Aircraft, Airport, Aircraft Specification

Why the Blohm & Voss BV 141 Never Soared

Why the Blohm & Voss BV 141 Never Soared

Way back towards the end of the 1930’s when it seemed like the Nazis would be the world rulers, Germany decided that it required an observation plane which would provide unparalleled visibility for scouting-out targets. At this point, BV submitted its Blohm & Voss BV 141. This was an aircraft with a very unusual asymmetrical design. It has a tail boom with its radial engine on 1 side. The shorter crew compartment that was made up almost completely of windscreens (with a camera in it), was fitted on the other side.

The company had produced 3 Blohm & Voss BV 141 prototypes in 1938. The last of these was outfitted with 2, 2.92mm machine guns that fired forward and 2 that fired rearward. Racks had also been added for 4, 11 a-pound bombs. It was believed that the initial aircraft were underpowered. Thus, the engines were revamped and 5 more BV 141 were built with these high-powered engines. In late 1941, the company started on the trials which were discontinued in 1943.

These aircraft operated at a much lower speeds than the bombers and allied fighters. The Luftwaffe needed more fighters to shield the country from the persistent Allied bombing. Thus, though the Blohm & Voss BV 141 performed well, the need of the hour was for these faster bombers and it never moved into operational service. Only 23 of these unusually structured aircraft were built. In the end, the Focke-Wulf Fw 189 that had a similar fuselage with a more traditional twin engine layout won the race to the skies.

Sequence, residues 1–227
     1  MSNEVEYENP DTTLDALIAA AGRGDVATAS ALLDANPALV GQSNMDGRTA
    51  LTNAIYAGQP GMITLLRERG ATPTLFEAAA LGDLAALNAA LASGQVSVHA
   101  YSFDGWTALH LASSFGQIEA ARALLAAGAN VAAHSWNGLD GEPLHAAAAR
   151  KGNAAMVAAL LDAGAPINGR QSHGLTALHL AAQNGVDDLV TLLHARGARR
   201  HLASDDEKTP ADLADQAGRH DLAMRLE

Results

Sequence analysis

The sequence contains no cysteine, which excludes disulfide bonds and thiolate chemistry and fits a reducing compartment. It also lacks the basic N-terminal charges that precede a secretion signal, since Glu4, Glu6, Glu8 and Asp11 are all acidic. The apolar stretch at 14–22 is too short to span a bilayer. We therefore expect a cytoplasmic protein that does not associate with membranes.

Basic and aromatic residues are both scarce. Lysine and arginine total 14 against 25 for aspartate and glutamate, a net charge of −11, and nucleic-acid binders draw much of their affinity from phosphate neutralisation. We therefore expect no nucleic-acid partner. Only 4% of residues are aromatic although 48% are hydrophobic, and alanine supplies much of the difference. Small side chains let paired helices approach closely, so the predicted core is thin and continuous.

Every decade has had its fair share of aircraft oddities and many aircraft were unique in configuration, concept or design. In the latter part of the decade, the world saw some more unorthodox aircraft make an appearance. But the Blohm & Voss BV 141, with its outstanding all-round vision and off-center single engine will probably be recognized as the world’s most unusual aircraft.

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